Sramana Mitra: I think where they’re doing phenomenally well is in advertising targeting.
Rich Green: Yes, is it because they’re just smarter or because they have a simpler problem to solve? Is it much more controllable?
Sramana Mitra: I think you’re right. It’s a simpler problem to solve. It’s structured data versus unstructured data. A lot of that advertising stuff is structured.
Rich Green: Some of the advertising stuff today is still algorithmic versus deep learning where it’s iteratively improving the result versus continuously tuning algorithms with the help of humans. They’re on their way. Sometimes the results you see are positive because it’s affected not only by machine learning but also by humans.
Sramana Mitra: That’s correct.
Rich Green: At the scale of Facebook looking for your friends, involving humans is virtually impossible.
Sramana Mitra: You’ve been doing SugarCRM for over a year but you were doing an IoT company before that. I know that company. What is your point of view vis-a-vis AI in the IoT space that you were working on before?
Rich Green: To be fair, we were not using AI technology in that startup. We were doing basic cloud computing. I have been quoted before saying it’s the second worst buzzword in the tech industry; the worse one being Big Data. IoT is such a catch-all phrase for sensor data gathering and processing. The fact that it has a reactive function as well as a data gathering function is a sideline.
The reality is as we scale the amount of data that can be and will be ingested, it’s quite obvious that the only way to deal with that and to make sense of it is through machine learning. It’s beyond the scope of the human mind to sense patterns in a dataset that is increasingly large. As you apply IoT sensor feeds to those feeds, it just keeps going up. A human cannot deal with that. IoT cannot succeed without machine learning capabilities because there’s no way to make sense of it all other than trivial algorithmic patterns.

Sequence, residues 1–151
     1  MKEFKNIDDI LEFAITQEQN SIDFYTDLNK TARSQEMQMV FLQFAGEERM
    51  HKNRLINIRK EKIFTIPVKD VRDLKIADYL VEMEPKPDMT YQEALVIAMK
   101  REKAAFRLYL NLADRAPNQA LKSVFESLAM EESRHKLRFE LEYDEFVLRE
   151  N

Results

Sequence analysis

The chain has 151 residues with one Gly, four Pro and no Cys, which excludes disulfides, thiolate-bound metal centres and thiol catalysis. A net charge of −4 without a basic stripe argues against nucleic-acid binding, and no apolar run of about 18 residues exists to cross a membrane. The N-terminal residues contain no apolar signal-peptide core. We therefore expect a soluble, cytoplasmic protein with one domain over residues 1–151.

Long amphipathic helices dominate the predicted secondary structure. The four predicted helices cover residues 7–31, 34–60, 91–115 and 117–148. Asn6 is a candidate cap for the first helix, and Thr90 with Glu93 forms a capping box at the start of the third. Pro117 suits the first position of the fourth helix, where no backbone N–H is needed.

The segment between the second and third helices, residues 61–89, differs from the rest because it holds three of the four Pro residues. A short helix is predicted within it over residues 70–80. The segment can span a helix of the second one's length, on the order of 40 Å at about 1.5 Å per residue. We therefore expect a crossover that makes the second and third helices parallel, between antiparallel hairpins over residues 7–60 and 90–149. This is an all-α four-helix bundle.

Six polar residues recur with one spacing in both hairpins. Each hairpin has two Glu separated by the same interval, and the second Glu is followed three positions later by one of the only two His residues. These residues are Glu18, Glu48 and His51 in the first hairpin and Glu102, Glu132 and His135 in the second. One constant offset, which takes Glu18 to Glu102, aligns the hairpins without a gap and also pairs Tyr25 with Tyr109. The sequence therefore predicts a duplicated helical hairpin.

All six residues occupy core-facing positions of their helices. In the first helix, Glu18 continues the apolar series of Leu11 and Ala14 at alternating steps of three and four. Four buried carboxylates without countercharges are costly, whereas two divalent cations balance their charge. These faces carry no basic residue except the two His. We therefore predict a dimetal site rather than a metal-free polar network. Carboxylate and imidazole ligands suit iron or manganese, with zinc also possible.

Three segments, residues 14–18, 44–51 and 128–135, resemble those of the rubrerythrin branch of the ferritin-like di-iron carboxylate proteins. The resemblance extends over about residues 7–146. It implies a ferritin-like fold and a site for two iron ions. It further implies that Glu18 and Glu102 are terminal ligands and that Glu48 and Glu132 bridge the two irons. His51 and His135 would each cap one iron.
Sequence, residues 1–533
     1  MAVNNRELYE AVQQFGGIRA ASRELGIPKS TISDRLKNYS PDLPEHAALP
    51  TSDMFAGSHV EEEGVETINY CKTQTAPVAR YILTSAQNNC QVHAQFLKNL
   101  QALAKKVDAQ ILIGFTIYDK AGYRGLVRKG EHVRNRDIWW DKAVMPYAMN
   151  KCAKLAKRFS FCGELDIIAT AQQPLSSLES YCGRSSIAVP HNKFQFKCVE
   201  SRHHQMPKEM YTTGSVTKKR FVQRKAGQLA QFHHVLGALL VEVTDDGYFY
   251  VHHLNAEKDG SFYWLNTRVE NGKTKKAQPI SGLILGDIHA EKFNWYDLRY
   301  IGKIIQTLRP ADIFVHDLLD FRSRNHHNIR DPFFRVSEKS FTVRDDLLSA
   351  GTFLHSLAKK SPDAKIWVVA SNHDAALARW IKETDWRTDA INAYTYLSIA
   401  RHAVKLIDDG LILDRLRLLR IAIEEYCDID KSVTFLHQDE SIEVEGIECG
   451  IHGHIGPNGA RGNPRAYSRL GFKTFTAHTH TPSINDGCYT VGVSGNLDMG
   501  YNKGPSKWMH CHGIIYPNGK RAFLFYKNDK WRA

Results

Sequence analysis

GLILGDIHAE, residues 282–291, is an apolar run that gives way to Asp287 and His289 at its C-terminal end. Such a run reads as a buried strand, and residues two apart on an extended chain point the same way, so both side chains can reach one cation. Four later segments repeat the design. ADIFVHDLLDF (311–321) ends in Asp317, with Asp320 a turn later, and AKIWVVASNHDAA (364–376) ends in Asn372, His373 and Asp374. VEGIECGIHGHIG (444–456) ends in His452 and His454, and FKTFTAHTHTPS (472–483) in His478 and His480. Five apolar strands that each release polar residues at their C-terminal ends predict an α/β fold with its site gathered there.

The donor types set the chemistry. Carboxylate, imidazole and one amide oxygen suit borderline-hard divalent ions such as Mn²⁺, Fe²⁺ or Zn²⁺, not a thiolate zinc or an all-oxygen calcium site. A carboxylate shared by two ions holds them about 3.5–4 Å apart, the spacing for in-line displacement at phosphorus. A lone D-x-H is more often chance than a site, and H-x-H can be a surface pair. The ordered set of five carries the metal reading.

Sramana Mitra: If you take these three trends – AI, Big Data, and IoT – and spin all the things you just said, which domain would you say has the best example of combining those three?
Rich Green: For now, the obvious domain seems to be in the security space because the number of sensors deployed is the largest. It’s a very focused function. The sensors are large and growing larger. There’s a lot of funding in that area. Whether we like it or not, that is the deepest well of near-term opportunity for the confluence of sensor data, Big Data, and machine learning.
My view is that dealing with human behavior is going to be the most interesting and challenging problems. One of the reasons I came to Sugar is not because of CRM per se, but because in my past, I have focused most of my energy on building out platforms whether it’s operating systems or Java itself. I’ve been involved in building out platforms and allowing others to create and do some interesting things on them. At some point, you go, “That’s pure technology. What fascinates me is how you merge technology and human behavior.”
It’s a very interesting challenge and CRM provides the opportunity to say, “If you could build insight into behavior probabilities and inclinations-based history, it’s a really interesting vector to analyze. How do you determine the likelihood and proclivities of an individual? I just find it fascinating. CRM is a more personal person-to-person or person-to-many business. It has slightly different applications than what we’re used to in terms of pure B2C play.
Sramana Mitra: It’s a very interesting conversation. Thank you for your time.